Gulf of Execution


  • Motivation:  Does the system provide actions that correspond to the intentions of the person?
  • Definition:  According to Don Norman’s book The Design of Everyday Things, “The difference between the intentions and the allowable actions is the Gulf of Execution” (51).  Norman argues that we can measure this gulf by assessing how well a system allows users to perform their intended actions directly, without extra effort.  That is, do the actions provided by the system correspond to those intended by the users?
  • Result:  Users cannot easily and efficiently accomplish their intended tasks, and they may become frustrated and blame themselves.
  • Examples:  As discussed in lecture, consider a user who would like to adjust the temperature of the refrigerator pictured above [1].  Ideally, this task would be easy and intuitive.  But in this product, it is unclear what combinations of knobs must be adjusted to achieve the intention of lowering the temperature of the freezer.  Therefore, there is a problem with the Gulf of Execution in this refrigerator.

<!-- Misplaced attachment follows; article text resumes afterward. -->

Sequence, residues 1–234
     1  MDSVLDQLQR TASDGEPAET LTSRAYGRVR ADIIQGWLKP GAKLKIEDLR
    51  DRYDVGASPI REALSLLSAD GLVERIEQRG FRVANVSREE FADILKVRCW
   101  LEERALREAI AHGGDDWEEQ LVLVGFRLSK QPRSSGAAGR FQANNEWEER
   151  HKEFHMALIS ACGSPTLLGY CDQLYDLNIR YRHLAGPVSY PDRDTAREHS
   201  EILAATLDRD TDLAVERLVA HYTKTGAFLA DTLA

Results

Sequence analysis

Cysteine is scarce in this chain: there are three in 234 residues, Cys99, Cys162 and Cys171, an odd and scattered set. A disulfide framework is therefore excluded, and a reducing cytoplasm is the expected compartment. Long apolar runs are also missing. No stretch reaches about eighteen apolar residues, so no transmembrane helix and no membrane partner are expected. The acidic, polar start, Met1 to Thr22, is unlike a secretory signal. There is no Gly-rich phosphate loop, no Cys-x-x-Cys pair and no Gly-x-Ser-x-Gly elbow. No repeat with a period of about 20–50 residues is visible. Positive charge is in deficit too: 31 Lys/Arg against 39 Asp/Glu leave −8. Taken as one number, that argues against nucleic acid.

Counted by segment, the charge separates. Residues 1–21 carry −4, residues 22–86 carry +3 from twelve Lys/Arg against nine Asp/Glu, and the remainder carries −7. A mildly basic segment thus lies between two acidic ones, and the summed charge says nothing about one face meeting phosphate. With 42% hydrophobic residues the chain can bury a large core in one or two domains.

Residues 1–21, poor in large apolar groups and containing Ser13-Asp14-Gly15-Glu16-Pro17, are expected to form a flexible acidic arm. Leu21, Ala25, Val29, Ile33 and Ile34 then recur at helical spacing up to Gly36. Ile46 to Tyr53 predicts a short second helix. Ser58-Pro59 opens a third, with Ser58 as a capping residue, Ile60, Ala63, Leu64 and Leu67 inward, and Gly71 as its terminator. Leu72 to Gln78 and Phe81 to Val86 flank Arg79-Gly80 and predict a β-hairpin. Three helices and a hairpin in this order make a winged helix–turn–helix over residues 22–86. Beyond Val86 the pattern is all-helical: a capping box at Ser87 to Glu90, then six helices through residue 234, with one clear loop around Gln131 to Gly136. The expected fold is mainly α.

[1] Professor Gajos, COMPSCI 179 Lecture (02/08/2018)

Contributed by Michelle Vaccaro and Auriel Wright

About the author: Michelle Vaccaro

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